Fast forward to a committee my manager put me on, against my will, lol. What it did was make me think about why I was so burnt out to begin with. I realized it wasn't nursing that I hated. What I did have issues with was the prior hospital I worked at treated patients like an assembly line and had no respect for nurses. I felt like I had no control over my practice because management (in my mind) dictated what kind of nurse I was going to be. I felt like I just couldn't make a difference no matter how hard I tried.

So...I took back my practice and practiced nursing my way and on my own time frame. I joined staffing committees and put myself on the negotiating team for our contract. I got off the floor and took a charge nurse position. More mental stress as I do education, admits and discharges, but it's not as hard on my back. Believe it or not, even though my husband after 2 yrs is no better, and my daughter struggles daily, I can say I do love my job. I never thought I would say that....ever.

So, it can happen. Try to leave your worries at the front door as best as you can.

Again, big hugs. If you ever want to talk, pm me. I totally get where you are.

Edited by tokmom

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R*Star*RN is a BSN, RN and specializes in LTC, Med-Surg, IMCU/Tele, HH/CM.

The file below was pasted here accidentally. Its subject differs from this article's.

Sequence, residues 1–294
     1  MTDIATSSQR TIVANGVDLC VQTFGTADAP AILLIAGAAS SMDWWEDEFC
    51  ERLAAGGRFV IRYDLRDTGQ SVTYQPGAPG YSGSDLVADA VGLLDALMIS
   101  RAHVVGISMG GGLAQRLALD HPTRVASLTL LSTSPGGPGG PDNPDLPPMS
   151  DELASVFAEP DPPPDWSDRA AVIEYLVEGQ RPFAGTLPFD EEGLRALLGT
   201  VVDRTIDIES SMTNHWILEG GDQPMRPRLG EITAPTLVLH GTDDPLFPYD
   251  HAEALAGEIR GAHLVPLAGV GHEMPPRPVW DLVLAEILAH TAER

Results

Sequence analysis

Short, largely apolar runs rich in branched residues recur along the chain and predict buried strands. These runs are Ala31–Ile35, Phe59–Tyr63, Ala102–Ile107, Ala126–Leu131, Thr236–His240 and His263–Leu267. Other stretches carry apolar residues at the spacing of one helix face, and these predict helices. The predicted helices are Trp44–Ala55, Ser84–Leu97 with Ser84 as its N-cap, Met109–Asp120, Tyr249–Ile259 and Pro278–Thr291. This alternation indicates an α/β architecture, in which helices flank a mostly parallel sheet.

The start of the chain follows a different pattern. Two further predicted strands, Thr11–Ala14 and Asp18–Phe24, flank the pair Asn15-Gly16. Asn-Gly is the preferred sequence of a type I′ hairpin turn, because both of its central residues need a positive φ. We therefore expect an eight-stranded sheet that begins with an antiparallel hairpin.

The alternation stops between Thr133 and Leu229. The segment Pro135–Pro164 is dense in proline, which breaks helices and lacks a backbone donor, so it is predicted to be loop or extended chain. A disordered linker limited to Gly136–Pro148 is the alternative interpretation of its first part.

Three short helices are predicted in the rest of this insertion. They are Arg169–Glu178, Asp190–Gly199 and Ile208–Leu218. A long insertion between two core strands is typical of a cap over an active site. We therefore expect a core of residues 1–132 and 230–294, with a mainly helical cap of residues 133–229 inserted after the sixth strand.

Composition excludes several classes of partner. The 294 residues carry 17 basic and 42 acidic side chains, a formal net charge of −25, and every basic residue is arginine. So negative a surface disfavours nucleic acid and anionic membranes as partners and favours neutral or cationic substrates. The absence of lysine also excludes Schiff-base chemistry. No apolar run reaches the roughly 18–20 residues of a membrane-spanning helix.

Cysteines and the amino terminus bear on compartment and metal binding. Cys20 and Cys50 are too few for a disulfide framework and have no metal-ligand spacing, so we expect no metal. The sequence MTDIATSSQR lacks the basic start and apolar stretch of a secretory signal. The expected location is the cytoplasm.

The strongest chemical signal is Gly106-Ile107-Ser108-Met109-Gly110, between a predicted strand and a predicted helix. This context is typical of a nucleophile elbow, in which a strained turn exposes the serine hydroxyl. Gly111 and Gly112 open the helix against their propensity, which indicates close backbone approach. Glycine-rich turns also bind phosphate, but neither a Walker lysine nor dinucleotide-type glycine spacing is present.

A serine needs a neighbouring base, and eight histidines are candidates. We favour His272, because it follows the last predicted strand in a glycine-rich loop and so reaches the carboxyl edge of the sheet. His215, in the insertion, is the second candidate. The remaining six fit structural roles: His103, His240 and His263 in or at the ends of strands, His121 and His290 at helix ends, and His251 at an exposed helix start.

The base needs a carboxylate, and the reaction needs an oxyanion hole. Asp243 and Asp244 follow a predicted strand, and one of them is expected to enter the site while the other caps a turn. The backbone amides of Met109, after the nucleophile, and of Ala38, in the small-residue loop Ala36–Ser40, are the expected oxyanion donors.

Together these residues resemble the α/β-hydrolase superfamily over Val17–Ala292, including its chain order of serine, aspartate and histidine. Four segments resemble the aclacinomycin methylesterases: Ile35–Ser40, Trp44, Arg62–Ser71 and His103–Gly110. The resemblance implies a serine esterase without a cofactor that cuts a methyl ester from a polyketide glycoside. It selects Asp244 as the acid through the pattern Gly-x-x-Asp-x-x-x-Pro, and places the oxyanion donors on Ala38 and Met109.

225 Posts; 6,865 Profile Views

Definitely start looking around for 8 hour shifts. Maybe try a different department or a different type of nursing for a change of scenery. It could be just that you haven't found your "niche".

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carolmaccas66 is a BSN, RN and specializes in Med/Surg, DSU, Ortho, Onc, Psych.

2,212 Posts; 14,155 Profile Views

You answered your own question.

Women - especially nurses I've found - are NOT superwomen! You just can't give all your time and energy to everyone and have nothing left over. You will get really, really ill - mentall if not physically as well. You are doing too much and can't cope now - what will happen if you get sick as well?

You need to get your local district nursing service in to help out with the family member. Also with your special needs child, have you considered respite care at all? Does your child go to school? If not, respite care for at least 8 hours or so could be the answer, or if that isn't affordable, see if you can get relatives and/or friends to help out.